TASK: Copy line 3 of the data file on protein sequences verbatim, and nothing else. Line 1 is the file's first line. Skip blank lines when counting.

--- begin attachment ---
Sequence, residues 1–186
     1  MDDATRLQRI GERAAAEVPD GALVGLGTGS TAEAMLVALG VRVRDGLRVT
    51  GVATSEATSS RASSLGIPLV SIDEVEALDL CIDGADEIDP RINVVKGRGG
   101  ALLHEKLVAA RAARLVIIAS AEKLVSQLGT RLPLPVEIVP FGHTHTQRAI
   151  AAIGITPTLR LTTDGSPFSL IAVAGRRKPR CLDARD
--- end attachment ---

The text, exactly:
    51  GVATSEATSS RASSLGIPLV SIDEVEALDL CIDGADEIDP RINVVKGRGG